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ber, they obtained a distinct charter, and sent a colony of ninety persons thither : their first gov

ernor was RICHARD MOOR.–Purchas. 1613. The colony at Bermuda was enlarged by the

addition of 400 persons.-Ibid.

SIR THOMAS DALE, governor of Virginia, hearing that the French had settled within the limits of the northern patent, sent Sir SAMUEL ARGALL with a sufficient force to dislodge them, which he did from Mount Mansel (Desert), St. Croix, and Port Royal, in the Bay of Fundy. These Frenchmen retired to Quebec and strengthened the settlement there. Smith.

Purchas. Keith. 1614. CAPT. JOHN SMITH, having quitted the col

ony of South Virginia, sailed for North Virginia on a fishing and whaling voyage; he ranged the coast from Penobscot to Cape Cod, and made a map of the country, which he first called New

England.-Smith. 1615. ROBERT BYLOT and WILLIAM BAFFIN

sailed from England in search of a N.W. pas

sage. 1616. They made another voyage, and discovered

the great northern bay which bears BAFFIN'S

name.--Purchas. Forster. 1617. During this and the two preceding years, war,

famine, and pestilence raged among the natives of New England, by which great numbers were swept off, and the fur trade between them and

the Europeans was interrupted.—Gorges. 1619. THOMAS DERMER* sailed to New-England ; found many places, before populous, al

* See the Life of F. Gorges.

most desolate, and the few remaining inhabitants either sick or but scarcely recovered. In this voyage he sailed through the whole passage between the mainland and Long Island, and first

determined its insular situation.—Gorges. 1620. A company of ENGLISH PURITANS,* who I had resided twelve years in Holland, began a

colony in New England, which they called NewPlymouth.-Morton.

KING JAMES I.f established at Plymouth, in Devonshire, a council for the planting, ruling, and ordering of New-England; and thus the business of colonization was formed into a system.

. See Life of W. Bradford.

+ See Life of F. Gorges.

THE SUCCESSION OF SOVEREIGNS OF THE EUROPEAN

NATIONS WHO HAVE HAD POSSESSIONS OR CONNEX.

IONS IN AMERICA.

A.D.

1516. Charles } v. Emp.

ENGLAND.

A.D.

1792. Republic. 1485. Henry VII. 1509. Henry VIII.

SPAIN. 1547. Edward VI. 1553. Mary.

1474. Ferdinand V. and Is. 1558. Elizabeth.

abella. 1603. James I.

1504. Philip I. 1625. Charles I.

I. 1648. Commonwealth. 1653. 0. Cromwell. 1556. Philip II. 1658. R. Cromwell. 1598. Philip III. 1660. Charles II.

1621. Philip IV. 1685. James II.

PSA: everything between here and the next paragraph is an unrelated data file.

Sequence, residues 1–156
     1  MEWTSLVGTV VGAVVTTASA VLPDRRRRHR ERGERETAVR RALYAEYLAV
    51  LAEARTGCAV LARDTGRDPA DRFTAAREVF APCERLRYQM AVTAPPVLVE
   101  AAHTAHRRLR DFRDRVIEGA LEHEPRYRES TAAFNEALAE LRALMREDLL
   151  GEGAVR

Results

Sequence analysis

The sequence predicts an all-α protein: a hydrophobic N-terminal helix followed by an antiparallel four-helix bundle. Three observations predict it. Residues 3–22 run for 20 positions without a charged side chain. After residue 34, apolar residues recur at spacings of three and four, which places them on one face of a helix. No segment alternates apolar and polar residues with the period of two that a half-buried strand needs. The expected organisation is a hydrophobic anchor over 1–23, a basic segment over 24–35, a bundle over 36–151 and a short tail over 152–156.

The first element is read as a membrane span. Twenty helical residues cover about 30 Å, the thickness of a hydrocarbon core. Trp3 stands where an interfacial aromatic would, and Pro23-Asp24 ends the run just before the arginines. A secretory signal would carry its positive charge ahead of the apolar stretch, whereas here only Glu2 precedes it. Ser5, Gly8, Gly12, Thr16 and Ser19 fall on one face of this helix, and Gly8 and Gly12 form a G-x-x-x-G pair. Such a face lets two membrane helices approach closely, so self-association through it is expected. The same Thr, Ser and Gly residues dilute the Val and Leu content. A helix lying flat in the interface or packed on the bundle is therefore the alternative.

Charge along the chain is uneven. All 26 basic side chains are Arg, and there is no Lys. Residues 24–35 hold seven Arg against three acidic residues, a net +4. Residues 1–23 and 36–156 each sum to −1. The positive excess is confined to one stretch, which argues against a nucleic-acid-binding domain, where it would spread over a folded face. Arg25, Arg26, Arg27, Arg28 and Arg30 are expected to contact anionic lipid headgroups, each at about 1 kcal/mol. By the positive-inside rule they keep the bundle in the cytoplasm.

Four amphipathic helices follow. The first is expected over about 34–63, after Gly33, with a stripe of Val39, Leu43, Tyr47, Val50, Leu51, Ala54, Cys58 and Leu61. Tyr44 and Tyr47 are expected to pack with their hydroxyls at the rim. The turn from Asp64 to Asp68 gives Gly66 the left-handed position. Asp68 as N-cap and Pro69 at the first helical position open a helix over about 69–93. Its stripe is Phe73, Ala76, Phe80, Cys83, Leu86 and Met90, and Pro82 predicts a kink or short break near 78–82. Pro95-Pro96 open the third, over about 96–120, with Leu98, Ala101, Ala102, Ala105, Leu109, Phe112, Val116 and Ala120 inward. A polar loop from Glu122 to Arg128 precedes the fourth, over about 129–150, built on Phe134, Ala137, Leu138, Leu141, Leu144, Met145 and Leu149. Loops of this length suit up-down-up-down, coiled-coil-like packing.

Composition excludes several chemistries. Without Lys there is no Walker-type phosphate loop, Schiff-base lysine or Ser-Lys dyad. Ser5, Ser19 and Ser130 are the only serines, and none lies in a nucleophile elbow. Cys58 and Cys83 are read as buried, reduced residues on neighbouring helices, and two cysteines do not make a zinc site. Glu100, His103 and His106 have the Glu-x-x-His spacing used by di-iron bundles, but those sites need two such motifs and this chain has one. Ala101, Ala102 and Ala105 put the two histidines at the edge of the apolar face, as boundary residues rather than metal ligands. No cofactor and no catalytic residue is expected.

1665. Charles II. 1688. William and Mary. 1700. Philip V. 1694. William III. 1746. Ferdinand VI. 1701. Anne.

1759. Charles III. 1714. George I.

1789. Charles IV. 1727. George II. 1760. George III.

PORTUGAL. 1481. John II.

1495. Emanuel. FRANCE.

1°21. John III. 1483. Charles VIII. 1557. Sebastian. 1498. Louis XII.

1578, Henry. 1515. Francis I.

1580. Philip II. of Spain 1547. Henry II.

1598. Philip III. > and Por1559. Francis II.

1621. Philip IV. ) tugal. 1560. Charles IX.

1640. John IV. 1574. Henry II.

1656. Alphonso VI. 1589. Henry IV.

1667. Peter. 1610. Louis XIII.

1704. John V. 1643. Louis XIV.

1750. Joseph. 1715. Louis XV.

1777. Maria Frances Isa. 1773. Louis XVI.

bella.

AMERICAN BIOGRAPHY.

I. BIRON

The ancient inhabitants of Norway and Denmark, collectively taken, were distinguished by the name of NORMANS. Their situation near the coast of the sea, and the advantages which that element presented to them beyond all which they could expect from a rough soil in a cold climate, led them at an early period to the science and practice of navigation. They built their vessels with the best of oak, and constructed them in such a manner as to encounter the storms and bil. lows of the Northern Ocean. They covered them with decks, and furnished them with high forecastles and sterns. They made use of sails as well as oars, and had learned to trim their sails to the wind in almost any direction. In these arts of building ships and of navigation they were superior to the people bordering on the Mediterranean Sea, who

G 2

depended chiefly on their oars, and used sails only with a fair wind.

About the end of the eighth and beginning of the ninth century, the Normans made themselves famous by their predatory excursions. England, Scotland, Ireland, the Orkney and Shetland Islands, were objects of their depredations; and in one of their piratical expeditions (A.D. 861) they discovered an island, which, from its lofty mountains covered with ice and snow, obtained the name of Iceland. In a few years after they planted a colony there, which was continually augmented by migrations from the neighbouring countries. Within the space of thirty years (889) a new country, situate on the west, was discovered, and, from its verdure during the summer months, received the name of Greenland. This was deemed so impor. tant an acquisition, that, under the conduct of ERIC RAUDE, or REDHEAD, a Danish chief, it was soon peopled.

The emigrants to these new regions were still inflamed with the passion for adventure and discovery. An Icelander of the name HERIOLP and his son Biron* made a voyage

* His name is spelled by different authors Biron, BioRn, BiOERN, and BIAERN.

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